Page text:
Thursday, December 23, 2010

Several Days at Home...Pondering.

I haven't left the small radius of house and barn for 5 days now. This has brought a couple of unexpected blessings my way.  The blessing about barn and kitchen chores is that your hands are busy, but your mind is free to ponder, plan, and dream.  And the nice thing about a small Christmas (whether it is by choice or not) is that a lot of the frantic-ness of Christmas is taken out of the mix.  Since I committed to consolidating trips this week, to save our ancient vehicle, I had to wait until today to head to town (oldest child's dentist appointment).  We have been running out of the easy food, which means I have to cook from scratch - no canned beans, so using dried, no milk, so ditto.  Stretching chicken feed with guavas and kitchen scraps.  Making cookies nearly every day with what's left of the butter and sugar so the kids still feel a sense of celebration.

If I succeed in making this small plot of land more self-sufficient, there will be times when the cupboard will look like this - no tomato sauce because I got a total of 5 tomatoes this year because of rain, or some such situation.  I imagine there will be other times when I have a bumper crop of eggplant or cucumbers and have to think of what to do with them.  This week was a small glimpse into thinking differently and not relying on a grocery store down the street.

It's been a rough year all around, in lots of ways.  There have been many blessings, too, of course.  Sometimes, they are small ones, like becoming creative with what's in an increasingly bare cupboard and feeling good that you drove that much less in a week. Sometimes they are big ones - like rediscovering old friends and making new ones.

I hope, in the coming year, that some of the less tenable aspects of our lives can be resolved - that my husband doesn't have to commute so much to Oahu, that I can increase the sheep grazing area so I don't have to feed them so much alfalfa, that I can build a greenhouse so my tomatoes don't rot, that I can find that way into my most struggling students' minds and spirits so they can learn their best, that we can find abundance in the work of our hands and in the love in our hearts.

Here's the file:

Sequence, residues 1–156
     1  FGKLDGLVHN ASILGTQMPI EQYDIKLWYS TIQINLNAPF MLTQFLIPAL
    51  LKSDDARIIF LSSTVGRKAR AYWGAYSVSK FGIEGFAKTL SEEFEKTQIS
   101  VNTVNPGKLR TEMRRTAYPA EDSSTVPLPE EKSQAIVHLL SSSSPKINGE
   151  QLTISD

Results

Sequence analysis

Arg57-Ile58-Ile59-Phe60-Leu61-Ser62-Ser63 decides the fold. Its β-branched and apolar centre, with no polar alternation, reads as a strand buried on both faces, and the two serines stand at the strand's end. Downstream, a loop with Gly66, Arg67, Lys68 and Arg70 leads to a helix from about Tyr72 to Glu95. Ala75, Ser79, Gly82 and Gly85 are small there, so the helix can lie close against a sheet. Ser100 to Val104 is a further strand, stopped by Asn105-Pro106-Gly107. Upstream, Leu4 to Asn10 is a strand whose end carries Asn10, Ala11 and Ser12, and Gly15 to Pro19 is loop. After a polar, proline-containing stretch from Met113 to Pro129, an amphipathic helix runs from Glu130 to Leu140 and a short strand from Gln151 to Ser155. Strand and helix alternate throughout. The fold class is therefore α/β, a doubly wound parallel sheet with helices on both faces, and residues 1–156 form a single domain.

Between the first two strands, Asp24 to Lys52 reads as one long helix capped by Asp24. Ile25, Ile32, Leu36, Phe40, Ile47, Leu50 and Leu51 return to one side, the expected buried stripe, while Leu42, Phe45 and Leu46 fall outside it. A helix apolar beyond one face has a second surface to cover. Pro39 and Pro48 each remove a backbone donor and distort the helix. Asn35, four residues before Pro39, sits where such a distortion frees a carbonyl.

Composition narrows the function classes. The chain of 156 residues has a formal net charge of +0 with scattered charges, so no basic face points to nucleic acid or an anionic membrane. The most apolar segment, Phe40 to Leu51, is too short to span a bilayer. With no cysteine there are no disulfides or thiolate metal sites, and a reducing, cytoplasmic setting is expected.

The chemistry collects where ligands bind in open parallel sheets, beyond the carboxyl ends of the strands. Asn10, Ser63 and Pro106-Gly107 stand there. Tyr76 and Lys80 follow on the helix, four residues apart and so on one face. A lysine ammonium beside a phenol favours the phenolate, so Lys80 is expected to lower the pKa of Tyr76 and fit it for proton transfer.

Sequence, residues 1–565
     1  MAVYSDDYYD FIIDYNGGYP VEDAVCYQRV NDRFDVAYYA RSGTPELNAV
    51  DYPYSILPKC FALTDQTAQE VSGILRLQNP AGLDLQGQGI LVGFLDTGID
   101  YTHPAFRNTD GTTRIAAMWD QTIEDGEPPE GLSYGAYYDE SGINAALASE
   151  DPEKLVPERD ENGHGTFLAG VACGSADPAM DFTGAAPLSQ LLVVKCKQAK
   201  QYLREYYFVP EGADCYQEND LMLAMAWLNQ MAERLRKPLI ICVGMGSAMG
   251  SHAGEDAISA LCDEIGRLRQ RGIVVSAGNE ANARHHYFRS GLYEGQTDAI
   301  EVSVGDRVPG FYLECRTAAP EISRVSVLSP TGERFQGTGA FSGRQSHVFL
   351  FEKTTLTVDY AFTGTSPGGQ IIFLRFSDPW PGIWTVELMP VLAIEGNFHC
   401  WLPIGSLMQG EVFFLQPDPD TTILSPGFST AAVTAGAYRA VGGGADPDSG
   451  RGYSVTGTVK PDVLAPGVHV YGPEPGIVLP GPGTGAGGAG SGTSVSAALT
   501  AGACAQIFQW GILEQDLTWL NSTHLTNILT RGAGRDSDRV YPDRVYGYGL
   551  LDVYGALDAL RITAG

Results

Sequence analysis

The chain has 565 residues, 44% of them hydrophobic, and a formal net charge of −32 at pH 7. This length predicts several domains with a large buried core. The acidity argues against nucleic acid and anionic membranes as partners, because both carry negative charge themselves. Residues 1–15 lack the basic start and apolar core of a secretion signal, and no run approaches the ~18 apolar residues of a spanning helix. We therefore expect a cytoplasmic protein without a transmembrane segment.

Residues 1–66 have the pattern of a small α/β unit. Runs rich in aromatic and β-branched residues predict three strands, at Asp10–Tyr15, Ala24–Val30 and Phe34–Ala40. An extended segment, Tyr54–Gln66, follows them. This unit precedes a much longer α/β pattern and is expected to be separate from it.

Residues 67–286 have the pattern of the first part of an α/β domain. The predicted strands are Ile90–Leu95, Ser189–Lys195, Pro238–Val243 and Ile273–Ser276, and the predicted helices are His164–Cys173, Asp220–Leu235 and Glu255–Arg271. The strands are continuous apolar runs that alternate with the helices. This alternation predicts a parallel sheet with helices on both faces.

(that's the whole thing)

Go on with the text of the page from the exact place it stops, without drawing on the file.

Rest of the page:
Faith said...

The challenge of eating what we grow is a big one. We are all so spoiled in our time and culture. Usually we are not only able to to eat more than what we really need for basic survival, but we generally can choose from an abundance of foods from all over the world and all seasons.

I forced myself this year to eat more of what we had grown. It's so easy to treat it as a hobby and let things go. But there may come a day when I wish we had practiced this even more, when it was easier.

It sure takes a lot of experience to be able to grow a wide variety of things in a good balance. We've all eaten way more summer squash than we've wanted to. ugh. It's a good thing I love it.

Many blessings on you, my friend! Thanks for all your ideas and experiences shared on your blog.


NancyDe said...

Sometimes I get frustrated that I don't have the knowledge that my grandparents did, but even they had a grocery store nearby! (Well, except, I don't miss the bathing suits made from upholstery that Grrandmom made....nope, not at all).

Chai Chai said...

WE would have starved this year if we had to make do with our own lack of abundance. Hopefully next year the sheep and goat poo will improve the soil to we can get a bit more from it.

Merry Christmas!